A romance/drama by C.R.A.Z.Y director Jean-Marc Vallee, this Canadian production defies all narrative conventions and offers a wholly fresh representation on the most tired of cinematic features - love. Jacqueline (Vanessa Paradis) lives in France at the end of the 60s. She’s a single mother, her partner having run out the door after realising his first-born son Laurent has Down Syndrome. Antoine (Kevin Parent) lives in present day Montreal with his new girlfriend Rose and is constantly being hounded by his ex-wife and teenage sweetheart Carole. The film cuts beautifully between the two parallel storylines and avoids alienation between the narratives and it’s only at the end that we learn how the two time periods are connected. Much like this year’s excellent local product Burning Man a, Café De Flore is a fragmented story told using rapid-cut editing and it requires an editor with real vision to achieve it successfully.
The greatest achievement this film has to offer, besides the greatest soundtrack of the year, is the portrayal of its characters in the face of loss. They’re so fantastically fucking normal. There are no vacant stares out of rainy windows here. Vanessa Paradis needs to be cast in everything. She has a certain charm and likeability that’s not purely skin deep that masks a wall of paranoia and fear for her son. All Jacqueline wants is to care for Laurent, a factor not helped by the removal of her partner. She’s completely alone in the world and when Laurent expresses feelings for a classmate (at the tender age of 7) she panics and goes into survival mode, doing everything possible to keep him with her.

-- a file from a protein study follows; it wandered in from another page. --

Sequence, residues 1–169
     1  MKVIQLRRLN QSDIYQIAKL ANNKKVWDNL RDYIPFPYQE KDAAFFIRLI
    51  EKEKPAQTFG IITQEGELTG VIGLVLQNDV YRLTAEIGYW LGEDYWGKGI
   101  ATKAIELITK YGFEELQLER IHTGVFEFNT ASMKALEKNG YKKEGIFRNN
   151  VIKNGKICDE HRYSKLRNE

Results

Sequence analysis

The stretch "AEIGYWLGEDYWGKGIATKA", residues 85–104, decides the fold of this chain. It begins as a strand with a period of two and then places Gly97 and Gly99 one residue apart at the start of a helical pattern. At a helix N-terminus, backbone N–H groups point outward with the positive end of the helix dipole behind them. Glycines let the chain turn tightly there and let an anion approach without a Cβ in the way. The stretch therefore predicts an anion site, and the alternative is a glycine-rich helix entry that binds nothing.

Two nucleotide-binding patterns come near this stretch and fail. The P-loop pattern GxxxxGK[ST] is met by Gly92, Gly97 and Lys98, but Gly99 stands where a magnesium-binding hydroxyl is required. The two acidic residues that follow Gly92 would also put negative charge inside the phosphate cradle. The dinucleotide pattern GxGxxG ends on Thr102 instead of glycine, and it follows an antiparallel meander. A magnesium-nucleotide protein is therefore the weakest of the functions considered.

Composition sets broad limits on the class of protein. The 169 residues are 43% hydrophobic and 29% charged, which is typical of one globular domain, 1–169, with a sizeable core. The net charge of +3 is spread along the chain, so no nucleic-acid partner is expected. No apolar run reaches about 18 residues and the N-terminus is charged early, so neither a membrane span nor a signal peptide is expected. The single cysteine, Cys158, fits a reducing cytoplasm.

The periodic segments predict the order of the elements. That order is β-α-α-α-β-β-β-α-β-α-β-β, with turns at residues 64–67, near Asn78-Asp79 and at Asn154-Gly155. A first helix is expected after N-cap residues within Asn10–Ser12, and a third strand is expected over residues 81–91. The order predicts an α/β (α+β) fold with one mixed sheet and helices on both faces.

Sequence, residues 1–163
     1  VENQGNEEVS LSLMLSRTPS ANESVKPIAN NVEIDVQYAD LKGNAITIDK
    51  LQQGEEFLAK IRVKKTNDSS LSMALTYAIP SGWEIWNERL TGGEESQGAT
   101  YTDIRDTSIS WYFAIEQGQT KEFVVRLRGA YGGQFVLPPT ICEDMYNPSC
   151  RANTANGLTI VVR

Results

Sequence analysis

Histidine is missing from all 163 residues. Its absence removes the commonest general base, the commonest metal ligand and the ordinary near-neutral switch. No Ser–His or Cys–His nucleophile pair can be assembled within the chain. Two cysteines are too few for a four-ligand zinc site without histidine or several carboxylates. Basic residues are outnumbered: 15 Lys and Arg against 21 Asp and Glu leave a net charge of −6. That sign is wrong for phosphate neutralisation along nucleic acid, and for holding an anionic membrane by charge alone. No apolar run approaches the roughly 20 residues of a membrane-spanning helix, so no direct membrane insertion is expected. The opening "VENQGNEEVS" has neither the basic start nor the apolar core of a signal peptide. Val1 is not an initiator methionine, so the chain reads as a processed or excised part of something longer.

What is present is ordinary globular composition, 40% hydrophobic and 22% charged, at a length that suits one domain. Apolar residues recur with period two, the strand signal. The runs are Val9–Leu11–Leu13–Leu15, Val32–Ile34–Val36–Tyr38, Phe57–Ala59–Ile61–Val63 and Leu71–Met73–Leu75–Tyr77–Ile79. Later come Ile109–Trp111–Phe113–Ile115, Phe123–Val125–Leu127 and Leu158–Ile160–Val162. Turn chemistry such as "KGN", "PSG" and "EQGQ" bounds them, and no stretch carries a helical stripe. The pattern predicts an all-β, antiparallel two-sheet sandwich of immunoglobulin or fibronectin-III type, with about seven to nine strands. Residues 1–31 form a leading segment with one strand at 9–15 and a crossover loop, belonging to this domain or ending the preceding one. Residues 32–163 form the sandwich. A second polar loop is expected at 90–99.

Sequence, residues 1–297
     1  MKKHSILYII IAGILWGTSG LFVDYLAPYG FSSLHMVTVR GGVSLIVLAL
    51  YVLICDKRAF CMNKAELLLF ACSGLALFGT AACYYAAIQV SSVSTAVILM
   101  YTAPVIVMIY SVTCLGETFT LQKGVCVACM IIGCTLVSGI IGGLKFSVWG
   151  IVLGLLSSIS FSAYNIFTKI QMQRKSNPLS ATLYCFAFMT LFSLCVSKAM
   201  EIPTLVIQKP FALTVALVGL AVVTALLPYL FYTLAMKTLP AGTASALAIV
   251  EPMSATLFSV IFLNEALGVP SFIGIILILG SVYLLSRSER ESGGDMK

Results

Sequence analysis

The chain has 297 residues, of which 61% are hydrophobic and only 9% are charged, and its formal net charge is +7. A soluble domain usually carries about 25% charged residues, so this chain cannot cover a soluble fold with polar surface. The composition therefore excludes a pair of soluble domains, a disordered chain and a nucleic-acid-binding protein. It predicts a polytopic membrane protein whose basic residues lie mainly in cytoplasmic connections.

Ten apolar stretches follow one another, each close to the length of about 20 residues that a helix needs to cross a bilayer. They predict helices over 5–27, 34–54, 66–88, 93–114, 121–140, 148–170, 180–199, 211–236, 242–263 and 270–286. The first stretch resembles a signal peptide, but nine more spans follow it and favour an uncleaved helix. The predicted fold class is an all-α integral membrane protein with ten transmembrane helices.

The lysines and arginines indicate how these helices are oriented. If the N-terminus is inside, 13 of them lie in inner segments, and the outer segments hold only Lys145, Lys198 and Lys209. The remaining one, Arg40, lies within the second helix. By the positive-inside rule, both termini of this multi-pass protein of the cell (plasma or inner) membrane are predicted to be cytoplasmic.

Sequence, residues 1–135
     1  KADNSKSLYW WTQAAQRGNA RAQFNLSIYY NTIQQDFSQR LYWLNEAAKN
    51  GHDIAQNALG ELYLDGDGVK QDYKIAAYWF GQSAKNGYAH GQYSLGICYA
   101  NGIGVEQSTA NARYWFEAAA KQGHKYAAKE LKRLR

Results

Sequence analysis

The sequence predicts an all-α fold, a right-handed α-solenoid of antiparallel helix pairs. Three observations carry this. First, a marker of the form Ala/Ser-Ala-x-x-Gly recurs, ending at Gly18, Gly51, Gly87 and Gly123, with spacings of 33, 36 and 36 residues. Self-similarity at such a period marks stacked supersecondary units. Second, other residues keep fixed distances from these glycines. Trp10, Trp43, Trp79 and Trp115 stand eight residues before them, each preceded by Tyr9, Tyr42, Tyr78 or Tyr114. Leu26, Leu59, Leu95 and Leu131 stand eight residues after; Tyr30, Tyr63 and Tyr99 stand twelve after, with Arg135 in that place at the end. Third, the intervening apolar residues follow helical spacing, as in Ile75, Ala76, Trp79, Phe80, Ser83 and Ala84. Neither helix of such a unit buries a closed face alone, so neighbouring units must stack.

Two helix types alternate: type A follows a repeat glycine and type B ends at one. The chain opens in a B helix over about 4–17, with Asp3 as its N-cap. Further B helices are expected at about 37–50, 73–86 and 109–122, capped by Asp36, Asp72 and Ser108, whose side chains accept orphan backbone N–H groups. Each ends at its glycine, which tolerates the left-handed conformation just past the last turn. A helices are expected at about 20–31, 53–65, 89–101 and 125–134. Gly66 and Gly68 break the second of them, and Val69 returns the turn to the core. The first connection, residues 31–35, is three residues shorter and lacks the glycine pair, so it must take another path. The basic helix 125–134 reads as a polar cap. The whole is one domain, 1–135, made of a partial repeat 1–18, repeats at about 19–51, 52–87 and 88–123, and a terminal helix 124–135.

Alongside this, Kevin Parent impresses as Antoine, the DJ who has hit the reset button on his life at the cost of causing an intense depression for his ex-wife Carol, Helene Florent. His story is intercut with a psychiatrist session that borders on a talking head moment, explaining his emotions and history and justifying his actions. It’s probably the only cheating moment in the film yet oddly necessary considering how complicated the editing process must have been to make such a non-linear film comprehensible.
The whole film is a sizzling delicacy of aural and visual delight, a welcome one considering the constant stench Hollywood offers in the romance field. This film deserves to be as big as Amelie and offers something for everyone, from latte-swirling hipsters to casual filmgoers. When you do though, make sure the speakers are loud. You’ll thank me later.
Nicholas Brodie - follow Nick on Twitter here: @fodusempire
Directed by: Jean-Marc Vallee
Written by: Jean-Marc Vallee
Starring: Vanessa Paradis, Kevin Parent, Helene Florent, Evelyn Brochu
Café De Flore is now available on DVD and Blu Ray everywhere.
Nicholas Brodie is a writer with big hopes and tiny dreams. Possessing an MA in Film he is on hand to provide opinion pieces and reviews on what's new and, hopefully, still relevant.